Attending to bathroom needs is problematic because I’m attached by tubing and a needle in my arm to an IV unit that is plugged into the wall. Long before the nurse places the IV, I check out the plug and see how easy or difficult it is to pull out of the socket, what needs to be adjusted to attain easy access to the plug. When the urge comes, depending on just how urgent, I roll out of bed, reach for the plug and free it, grab the IV pole and run or walk to the bathroom. IV antibiotics always make it an urgent matter for me. I beg for Imodium. The medical staff wants to make sure I don’t have C. diff. and I am elected processor of the samples. Now I tell them to find my doctor and she’ll okay the Imodium. One intern got past that system and I yelled at him. He ran away whimpering.

            They want you to wear their non-slip, very attractive (heh-heh) beige socks all the time. I prefer bare feet; probably unhygienic, but I hate being in bed with socks. Once I fell with an IV pole rolling alongside when it stuck in a doorway, and my nurse gave me red socks to wear. They show you can’t be trusted to walk. I wandered the hallways in them, proud and happy.

            The best way to be in a hospital is unconscious. Then make sure you have an excellent advocate who will move heaven and earth to get you the best care. A conscious life there with too much light, noise, lousy food choices and worse food, an uncomfortable bed and basically being tied to it – all of that sucks. The only breaks are visitors – the best – and a nurse who will have a conversation with you. Oh, and finding someone to bring you a latte from Daz Bog on the first floor. Extra foam, please.

Wednesday, March 7, 2012

My Body Calls Me

     Just when everything is going really great, I started getting inexplicably sick last night. Right after I left the library and my fun time there, I felt greatly chilled. I turned up the car's heater and was still cold. Oh, this is not a good sign, I thought. I turned up the heat at home but still felt chilly, and really tired. By bedtime I was burning up with fever. It was almost 101 degrees. Two Tylenol and pulled the sheet over my head. Soaked with sweat when the fever broke.

     I don't want to go to the hospital. Not at least until I get my hair washed. Just want to stay at home with my kitty and write and pretend I'm normal. I'll make a really nice green smoothie and see if it will all go away.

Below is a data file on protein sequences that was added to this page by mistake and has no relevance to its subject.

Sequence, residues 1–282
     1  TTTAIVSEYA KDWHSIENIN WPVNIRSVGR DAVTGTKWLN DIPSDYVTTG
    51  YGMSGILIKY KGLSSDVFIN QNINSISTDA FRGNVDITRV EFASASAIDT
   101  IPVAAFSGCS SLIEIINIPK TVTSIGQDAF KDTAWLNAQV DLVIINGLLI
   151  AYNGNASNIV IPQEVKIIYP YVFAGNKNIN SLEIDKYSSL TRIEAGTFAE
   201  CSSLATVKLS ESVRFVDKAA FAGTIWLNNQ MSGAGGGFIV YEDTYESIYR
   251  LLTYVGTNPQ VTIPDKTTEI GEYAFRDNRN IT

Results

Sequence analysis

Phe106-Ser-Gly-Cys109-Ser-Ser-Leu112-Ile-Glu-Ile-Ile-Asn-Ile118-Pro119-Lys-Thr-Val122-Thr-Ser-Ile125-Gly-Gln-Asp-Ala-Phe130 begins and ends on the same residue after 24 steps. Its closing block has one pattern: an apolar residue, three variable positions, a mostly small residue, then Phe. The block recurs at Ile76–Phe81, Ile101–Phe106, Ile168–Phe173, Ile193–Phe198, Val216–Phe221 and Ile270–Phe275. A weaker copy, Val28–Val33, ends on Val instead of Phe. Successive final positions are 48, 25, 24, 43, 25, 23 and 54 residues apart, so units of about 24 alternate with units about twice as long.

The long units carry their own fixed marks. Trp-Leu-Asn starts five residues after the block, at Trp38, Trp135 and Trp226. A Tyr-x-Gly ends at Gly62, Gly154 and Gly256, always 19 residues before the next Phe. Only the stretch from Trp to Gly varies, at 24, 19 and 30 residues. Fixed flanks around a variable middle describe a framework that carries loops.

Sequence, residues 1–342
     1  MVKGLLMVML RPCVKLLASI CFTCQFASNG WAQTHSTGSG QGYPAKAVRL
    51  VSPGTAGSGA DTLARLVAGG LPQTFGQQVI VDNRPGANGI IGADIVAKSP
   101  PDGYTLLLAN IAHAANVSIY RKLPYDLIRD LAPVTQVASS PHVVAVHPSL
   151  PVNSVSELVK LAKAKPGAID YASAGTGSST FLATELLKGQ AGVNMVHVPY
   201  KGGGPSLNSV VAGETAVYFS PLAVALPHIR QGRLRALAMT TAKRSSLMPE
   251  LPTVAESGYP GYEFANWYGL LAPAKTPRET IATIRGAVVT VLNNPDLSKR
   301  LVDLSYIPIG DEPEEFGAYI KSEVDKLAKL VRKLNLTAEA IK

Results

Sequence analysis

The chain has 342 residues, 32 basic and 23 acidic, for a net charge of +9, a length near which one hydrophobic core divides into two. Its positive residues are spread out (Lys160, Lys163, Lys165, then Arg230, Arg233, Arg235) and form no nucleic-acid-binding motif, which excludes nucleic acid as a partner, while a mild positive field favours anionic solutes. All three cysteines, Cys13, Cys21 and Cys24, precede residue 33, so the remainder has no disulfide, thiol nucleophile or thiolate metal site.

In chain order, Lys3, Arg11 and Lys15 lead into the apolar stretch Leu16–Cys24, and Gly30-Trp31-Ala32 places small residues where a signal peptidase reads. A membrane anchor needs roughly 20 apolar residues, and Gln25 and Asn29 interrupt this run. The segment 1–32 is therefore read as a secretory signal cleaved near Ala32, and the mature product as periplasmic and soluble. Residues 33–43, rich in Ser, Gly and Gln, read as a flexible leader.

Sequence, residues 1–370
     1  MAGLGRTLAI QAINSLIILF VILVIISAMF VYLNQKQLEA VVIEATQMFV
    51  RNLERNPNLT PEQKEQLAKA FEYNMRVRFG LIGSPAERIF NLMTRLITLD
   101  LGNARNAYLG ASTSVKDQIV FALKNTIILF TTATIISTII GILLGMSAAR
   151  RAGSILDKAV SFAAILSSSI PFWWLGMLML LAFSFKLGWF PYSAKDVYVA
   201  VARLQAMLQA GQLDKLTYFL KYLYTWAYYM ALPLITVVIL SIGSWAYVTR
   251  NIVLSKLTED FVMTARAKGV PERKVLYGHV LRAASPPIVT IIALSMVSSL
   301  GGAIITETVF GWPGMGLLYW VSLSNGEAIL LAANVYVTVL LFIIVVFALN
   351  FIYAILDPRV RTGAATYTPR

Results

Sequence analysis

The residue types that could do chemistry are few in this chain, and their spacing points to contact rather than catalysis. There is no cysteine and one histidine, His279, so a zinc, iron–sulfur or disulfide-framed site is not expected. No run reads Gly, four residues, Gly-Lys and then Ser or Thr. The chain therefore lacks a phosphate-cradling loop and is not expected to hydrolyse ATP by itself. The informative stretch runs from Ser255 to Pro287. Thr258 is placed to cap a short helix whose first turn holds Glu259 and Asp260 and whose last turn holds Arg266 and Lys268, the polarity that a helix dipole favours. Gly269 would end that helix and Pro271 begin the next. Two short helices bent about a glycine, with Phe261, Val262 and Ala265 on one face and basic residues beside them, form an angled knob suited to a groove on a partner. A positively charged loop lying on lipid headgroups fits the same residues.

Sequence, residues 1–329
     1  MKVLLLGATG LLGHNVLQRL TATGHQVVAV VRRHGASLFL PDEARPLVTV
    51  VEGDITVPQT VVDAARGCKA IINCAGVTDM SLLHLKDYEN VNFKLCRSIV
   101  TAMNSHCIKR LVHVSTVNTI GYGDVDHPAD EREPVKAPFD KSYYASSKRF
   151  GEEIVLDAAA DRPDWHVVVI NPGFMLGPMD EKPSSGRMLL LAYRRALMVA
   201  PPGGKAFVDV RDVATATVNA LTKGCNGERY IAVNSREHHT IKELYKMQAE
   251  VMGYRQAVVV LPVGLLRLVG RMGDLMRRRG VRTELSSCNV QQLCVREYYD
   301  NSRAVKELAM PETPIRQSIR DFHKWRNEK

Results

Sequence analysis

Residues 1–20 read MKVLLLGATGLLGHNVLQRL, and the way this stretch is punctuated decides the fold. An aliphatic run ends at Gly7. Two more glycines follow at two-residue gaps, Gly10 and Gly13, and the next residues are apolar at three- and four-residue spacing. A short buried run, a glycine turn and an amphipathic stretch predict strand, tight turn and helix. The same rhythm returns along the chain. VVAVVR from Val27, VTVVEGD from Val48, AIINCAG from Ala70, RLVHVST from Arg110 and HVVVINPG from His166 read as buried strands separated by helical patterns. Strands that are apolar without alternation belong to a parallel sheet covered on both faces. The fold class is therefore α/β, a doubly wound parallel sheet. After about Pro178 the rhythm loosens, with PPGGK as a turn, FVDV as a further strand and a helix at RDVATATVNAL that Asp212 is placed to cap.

Monday, March 5, 2012

More Church-going Stories

           Anthony and I went to church again on Sunday morning. But we didn’t go to the same church as last week. I didn’t find out till Saturday night he didn’t want to go back there, and I fumed all night. Woke up in the morning, fine with the church change. It’s no big deal. Then Anthony knocked on my door at 9 a.m. and handed me a little piece of paper with a church name and address on it: Fundamental Baptist Church. I said, “Now Anthony, I’m not going to some Holy Roller church. That’s just not my deal.” And I was thinking, how did this guy, born and bred in Brooklyn, become a Southern Baptist? He’s Italian, too!

            On Google Maps the building looked pretty small. We drove there and the edifice looked like the contractors just put in the basement and ran out of money to build the top floor. Two doors were locked on the outside with padlocks, the back door open. Inviting?

I walked through the back door while Anthony pulled out his iPhone and called the pastor. I opened a door that revealed about eight people sitting across the room from me and a man sitting in front of them. Sunday School. No one looked up at me. In the middle of the room were about 15 metal folding chairs set up and a table standing in as an altar with plastic flowers, a Bible and a couple of candles on it. I walked out to report to Anthony who said, “Let’s go.” I do believe we found the smallest church in Denver.

I drove to Riverside Baptist Church next to Mile High Stadium. Anthony liked it all right – it was Southern Baptist – but the service went too long (a preachy preacher). Anthony is diabetic and he has to be careful when he eats, and lunch came too late. So now we’re going to try an early service or … well, we’ll find one. Anthony is a real sweetheart and going to church means a lot to him. God knows – whether he’s a Baptist God or a Presbyterian one or Catholic or Jewish one – Anthony and I are trying!

Sunday, March 4, 2012


Silence can be strained.
Silence can be golden.
Silence can be a relief.
Silence can be full of revenge and meanness and cold fury. You will never forget the accompanying thunder.

There is the silence of serenity that you can feel in the midst of the noisiest crowd of people, the crush of modern life, the mightiest thunderstorm. This silence comes from within and comes from knowing your own place in the world. You feel your center and almost nothing can take you from it. At least not very far for very long. This is the best silence of all. It is yours.

Saturday, March 3, 2012

Who I Am